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1854 in paleontology

From Wikipedia, the free encyclopedia

Paleontology or palaeontology (from Greek: paleo, "ancient"; ontos, "being"; and logos, "knowledge") is the study of prehistoric life forms on Earth through the examination of plant and animal fossils.[1] This includes the study of body fossils, tracks (ichnites), burrows, cast-off parts, fossilised feces (coprolites), palynomorphs and chemical residues. Because humans have encountered fossils for millennia, paleontology has a long history both before and after becoming formalized as a science. This article records significant discoveries and events related to paleontology that occurred or were published in the year 1854.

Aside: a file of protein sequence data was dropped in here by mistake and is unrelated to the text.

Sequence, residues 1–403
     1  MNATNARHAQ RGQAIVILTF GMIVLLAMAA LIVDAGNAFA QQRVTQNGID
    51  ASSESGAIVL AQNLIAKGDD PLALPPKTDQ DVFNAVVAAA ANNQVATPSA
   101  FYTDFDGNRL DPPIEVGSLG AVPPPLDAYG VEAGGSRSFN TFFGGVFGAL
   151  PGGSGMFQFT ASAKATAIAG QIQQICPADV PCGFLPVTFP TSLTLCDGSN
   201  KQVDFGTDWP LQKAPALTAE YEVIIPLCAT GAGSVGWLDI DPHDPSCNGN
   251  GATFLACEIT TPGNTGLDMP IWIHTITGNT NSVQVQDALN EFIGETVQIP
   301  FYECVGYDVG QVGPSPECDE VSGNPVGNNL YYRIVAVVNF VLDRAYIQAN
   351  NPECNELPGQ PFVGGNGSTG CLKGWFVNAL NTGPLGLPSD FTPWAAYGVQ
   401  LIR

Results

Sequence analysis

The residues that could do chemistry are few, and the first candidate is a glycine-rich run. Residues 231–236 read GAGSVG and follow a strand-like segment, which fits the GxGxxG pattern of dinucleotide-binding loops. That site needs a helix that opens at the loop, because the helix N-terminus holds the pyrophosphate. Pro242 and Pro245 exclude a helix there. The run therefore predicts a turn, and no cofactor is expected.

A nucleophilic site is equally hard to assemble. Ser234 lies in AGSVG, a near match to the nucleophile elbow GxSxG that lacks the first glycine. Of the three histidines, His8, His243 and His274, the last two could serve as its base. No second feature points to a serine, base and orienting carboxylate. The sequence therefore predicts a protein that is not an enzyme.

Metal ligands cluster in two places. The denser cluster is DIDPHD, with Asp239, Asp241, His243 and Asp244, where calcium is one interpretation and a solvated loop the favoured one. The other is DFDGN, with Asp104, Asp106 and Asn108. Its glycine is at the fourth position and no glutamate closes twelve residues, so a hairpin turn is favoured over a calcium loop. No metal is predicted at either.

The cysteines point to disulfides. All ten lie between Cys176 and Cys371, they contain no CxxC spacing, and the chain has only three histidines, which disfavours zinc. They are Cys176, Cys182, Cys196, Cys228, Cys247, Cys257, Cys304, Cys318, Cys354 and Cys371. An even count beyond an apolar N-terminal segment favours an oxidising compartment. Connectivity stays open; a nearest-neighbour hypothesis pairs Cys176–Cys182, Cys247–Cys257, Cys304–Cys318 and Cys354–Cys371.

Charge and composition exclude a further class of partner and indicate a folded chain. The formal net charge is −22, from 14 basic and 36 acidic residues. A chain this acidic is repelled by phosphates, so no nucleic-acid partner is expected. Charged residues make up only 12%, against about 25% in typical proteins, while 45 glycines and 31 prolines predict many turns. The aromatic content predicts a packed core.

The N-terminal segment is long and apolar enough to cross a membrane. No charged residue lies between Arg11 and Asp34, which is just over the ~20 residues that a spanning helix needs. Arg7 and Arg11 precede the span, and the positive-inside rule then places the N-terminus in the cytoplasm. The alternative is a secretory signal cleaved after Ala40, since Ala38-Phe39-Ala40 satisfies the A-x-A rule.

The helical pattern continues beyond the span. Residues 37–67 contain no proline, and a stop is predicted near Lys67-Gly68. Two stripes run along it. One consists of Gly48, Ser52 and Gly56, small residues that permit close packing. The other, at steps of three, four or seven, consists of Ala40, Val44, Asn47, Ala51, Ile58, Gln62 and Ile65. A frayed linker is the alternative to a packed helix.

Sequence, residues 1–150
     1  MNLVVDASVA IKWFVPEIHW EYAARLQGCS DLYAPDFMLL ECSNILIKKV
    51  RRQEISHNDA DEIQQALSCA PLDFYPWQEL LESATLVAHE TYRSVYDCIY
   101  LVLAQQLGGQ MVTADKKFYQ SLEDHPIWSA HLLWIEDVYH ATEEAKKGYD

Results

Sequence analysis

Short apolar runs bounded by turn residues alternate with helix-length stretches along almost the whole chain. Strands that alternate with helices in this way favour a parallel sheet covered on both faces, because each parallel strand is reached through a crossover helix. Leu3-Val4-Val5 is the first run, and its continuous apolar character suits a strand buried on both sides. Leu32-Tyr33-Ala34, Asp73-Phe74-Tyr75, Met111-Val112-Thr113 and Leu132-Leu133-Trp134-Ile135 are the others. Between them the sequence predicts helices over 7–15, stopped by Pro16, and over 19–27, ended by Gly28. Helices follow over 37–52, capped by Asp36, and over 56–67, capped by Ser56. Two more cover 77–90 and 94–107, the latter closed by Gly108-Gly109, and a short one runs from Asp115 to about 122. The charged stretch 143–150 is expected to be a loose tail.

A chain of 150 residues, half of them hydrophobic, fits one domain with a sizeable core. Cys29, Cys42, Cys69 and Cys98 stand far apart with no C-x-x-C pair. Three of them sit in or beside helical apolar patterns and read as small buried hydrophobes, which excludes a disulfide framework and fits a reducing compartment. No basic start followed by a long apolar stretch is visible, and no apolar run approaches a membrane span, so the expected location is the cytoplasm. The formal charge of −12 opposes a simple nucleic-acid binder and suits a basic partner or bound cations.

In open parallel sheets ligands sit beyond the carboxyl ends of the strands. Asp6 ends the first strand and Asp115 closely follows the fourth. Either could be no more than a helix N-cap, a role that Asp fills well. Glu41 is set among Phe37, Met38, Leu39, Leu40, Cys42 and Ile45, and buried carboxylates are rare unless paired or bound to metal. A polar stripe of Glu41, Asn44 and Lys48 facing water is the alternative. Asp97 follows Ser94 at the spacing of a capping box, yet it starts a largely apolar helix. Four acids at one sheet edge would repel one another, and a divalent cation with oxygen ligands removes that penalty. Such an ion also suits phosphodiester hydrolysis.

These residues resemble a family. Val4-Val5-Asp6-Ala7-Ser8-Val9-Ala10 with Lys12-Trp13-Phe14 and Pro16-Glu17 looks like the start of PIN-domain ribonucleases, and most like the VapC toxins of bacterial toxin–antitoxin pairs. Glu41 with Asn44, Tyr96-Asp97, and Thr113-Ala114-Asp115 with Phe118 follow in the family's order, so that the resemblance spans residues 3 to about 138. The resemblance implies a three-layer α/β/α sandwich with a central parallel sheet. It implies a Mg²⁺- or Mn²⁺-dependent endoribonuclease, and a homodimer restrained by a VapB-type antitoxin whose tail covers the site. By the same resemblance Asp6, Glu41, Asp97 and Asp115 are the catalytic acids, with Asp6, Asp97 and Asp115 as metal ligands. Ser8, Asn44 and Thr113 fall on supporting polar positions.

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  • ✪ July Evening Public Lecture 2015- The Giant Cascadia Earthquake of January 26, 1700
  • ✪ "Bad Impressions" A Laboratory Investigation of Forensic Odontology

Transcription